December stillness conjures images of quiet walks in nature, listening for a bird call, or being in a cloud of snowflakes drifting onto the forest floor. Stillness is frequently partnered with quiet, times when we set aside the noise of life, recognize the present moment, and perhaps gain clarity on what we are feeling and thinking.

As a parent in a noisy family, I know setting aside the noise of life to become still is rare. I wonder, can we find stillness together without silence? Where is stillness in the family life? I find that shared stillness is elusive. One of the few places I know to find it is in church, gathering with all of you, sometimes holding powerful moments of silence. But listening and singing together also has the power of collective stillness.

“Return again, Return again,
Return to the home of your soul.
Return to who you are,
Return to what you are,
Return to where you are
born and reborn again.”

– Rabbi Shlomo Carlebach

These are the words from one of the hymns in our teal hymnal, known as Singing the Journey. It is a song that I find resonates with the stillness inside of me. I used to cherish singing this chant over and over again to my child when he was an infant struggling to go to bed. Singing it each night helped ground me in my new identity and purpose as a parent. The stillness in that song is not about silence, but intention and presence. How can we return to the home of our souls together as a family?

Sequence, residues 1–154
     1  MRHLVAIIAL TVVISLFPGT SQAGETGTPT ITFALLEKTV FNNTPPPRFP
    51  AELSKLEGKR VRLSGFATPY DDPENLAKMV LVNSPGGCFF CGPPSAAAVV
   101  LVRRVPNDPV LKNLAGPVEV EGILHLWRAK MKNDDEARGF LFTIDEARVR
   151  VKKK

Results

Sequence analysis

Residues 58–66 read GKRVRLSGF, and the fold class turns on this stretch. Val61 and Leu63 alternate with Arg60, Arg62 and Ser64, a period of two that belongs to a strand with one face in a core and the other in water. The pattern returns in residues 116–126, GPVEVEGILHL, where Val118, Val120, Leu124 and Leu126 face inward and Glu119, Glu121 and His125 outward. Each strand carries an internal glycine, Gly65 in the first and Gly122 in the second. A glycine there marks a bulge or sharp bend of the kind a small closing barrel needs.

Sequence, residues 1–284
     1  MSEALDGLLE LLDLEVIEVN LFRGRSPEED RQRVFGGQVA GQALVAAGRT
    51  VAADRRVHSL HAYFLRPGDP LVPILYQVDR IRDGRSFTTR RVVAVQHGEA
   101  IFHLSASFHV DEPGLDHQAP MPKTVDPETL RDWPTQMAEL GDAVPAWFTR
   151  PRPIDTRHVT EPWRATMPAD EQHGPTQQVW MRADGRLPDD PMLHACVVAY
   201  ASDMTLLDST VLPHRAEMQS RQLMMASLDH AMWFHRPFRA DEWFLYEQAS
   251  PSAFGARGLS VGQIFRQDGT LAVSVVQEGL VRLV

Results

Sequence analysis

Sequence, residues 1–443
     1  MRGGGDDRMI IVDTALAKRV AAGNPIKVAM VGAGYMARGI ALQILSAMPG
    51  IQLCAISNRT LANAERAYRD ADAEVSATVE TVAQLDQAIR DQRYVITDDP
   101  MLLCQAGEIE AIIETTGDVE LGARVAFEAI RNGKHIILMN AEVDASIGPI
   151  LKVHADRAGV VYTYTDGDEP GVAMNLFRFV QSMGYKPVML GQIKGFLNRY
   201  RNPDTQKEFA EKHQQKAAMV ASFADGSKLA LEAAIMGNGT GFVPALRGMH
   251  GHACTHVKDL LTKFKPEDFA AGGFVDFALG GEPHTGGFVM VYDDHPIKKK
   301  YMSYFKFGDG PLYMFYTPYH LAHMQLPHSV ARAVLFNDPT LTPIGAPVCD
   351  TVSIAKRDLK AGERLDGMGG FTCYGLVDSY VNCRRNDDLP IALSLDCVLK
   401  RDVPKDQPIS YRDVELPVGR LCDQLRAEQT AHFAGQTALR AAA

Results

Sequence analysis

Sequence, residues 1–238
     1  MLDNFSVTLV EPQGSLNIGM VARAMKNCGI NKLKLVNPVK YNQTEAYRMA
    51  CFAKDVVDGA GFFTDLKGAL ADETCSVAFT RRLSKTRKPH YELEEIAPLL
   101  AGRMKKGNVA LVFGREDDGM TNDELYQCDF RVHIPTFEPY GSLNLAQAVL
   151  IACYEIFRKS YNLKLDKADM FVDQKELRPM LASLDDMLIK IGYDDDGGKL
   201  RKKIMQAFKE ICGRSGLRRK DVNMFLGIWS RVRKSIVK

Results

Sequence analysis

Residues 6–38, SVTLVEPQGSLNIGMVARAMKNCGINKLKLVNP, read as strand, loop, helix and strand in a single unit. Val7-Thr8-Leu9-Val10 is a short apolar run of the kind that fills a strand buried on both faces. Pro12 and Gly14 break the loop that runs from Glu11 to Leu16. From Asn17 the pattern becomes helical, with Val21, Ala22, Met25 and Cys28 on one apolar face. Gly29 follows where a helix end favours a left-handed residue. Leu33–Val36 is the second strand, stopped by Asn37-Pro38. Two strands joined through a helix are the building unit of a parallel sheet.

Especially in the last few months, all together under one roof all of the time, we have found that family moments of stillness need to be cultivated and put on our schedule. It is far too easy to get caught up in the list of things to be done in a day. Ritualized moments of stillness like reading a book at bedtime together, sharing gratitude before a meal, is the only way to ensure stillness into our full family schedules. To claim stillness in family life, we often must abandon the idea of silence and reframe stillness as moments of co-created intention.

May you find opportunities to welcome and cherish stillness within your families this holiday season and even add some new rituals of shared intention.

— Rev. Kimberlee Tomczak Carlson, Minister of Religious Education

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